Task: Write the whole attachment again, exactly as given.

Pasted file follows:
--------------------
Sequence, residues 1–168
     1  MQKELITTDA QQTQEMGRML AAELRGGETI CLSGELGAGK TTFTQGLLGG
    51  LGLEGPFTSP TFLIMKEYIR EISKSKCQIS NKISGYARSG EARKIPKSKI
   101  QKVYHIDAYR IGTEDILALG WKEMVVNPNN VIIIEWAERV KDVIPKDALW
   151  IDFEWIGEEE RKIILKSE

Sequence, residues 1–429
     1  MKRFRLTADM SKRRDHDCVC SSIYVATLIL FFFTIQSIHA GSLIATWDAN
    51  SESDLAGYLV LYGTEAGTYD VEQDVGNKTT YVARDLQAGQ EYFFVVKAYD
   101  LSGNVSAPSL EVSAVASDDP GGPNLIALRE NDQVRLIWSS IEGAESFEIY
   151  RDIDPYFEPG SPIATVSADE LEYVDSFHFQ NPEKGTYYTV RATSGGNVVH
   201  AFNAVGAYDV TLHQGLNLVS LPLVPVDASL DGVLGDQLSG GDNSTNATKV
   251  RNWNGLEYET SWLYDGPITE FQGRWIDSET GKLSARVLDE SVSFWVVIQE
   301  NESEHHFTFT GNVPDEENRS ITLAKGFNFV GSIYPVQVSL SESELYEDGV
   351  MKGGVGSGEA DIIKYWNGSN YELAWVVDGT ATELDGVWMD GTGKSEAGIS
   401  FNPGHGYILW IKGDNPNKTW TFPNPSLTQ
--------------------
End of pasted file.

Sequence, residues 1–168
     1  MQKELITTDA QQTQEMGRML AAELRGGETI CLSGELGAGK TTFTQGLLGG
    51  LGLEGPFTSP TFLIMKEYIR EISKSKCQIS NKISGYARSG EARKIPKSKI
   101  QKVYHIDAYR IGTEDILALG WKEMVVNPNN VIIIEWAERV KDVIPKDALW
   151  IDFEWIGEEE RKIILKSE

Sequence, residues 1–429
     1  MKRFRLTADM SKRRDHDCVC SSIYVATLIL FFFTIQSIHA GSLIATWDAN
    51  SESDLAGYLV LYGTEAGTYD VEQDVGNKTT YVARDLQAGQ EYFFVVKAYD
   101  LSGNVSAPSL EVSAVASDDP GGPNLIALRE NDQVRLIWSS IEGAESFEIY
   151  RDIDPYFEPG SPIATVSADE LEYVDSFHFQ NPEKGTYYTV RATSGGNVVH
   201  AFNAVGAYDV TLHQGLNLVS LPLVPVDASL DGVLGDQLSG GDNSTNATKV
   251  RNWNGLEYET SWLYDGPITE FQGRWIDSET GKLSARVLDE SVSFWVVIQE
   301  NESEHHFTFT GNVPDEENRS ITLAKGFNFV GSIYPVQVSL SESELYEDGV
   351  MKGGVGSGEA DIIKYWNGSN YELAWVVDGT ATELDGVWMD GTGKSEAGIS
   401  FNPGHGYILW IKGDNPNKTW TFPNPSLTQ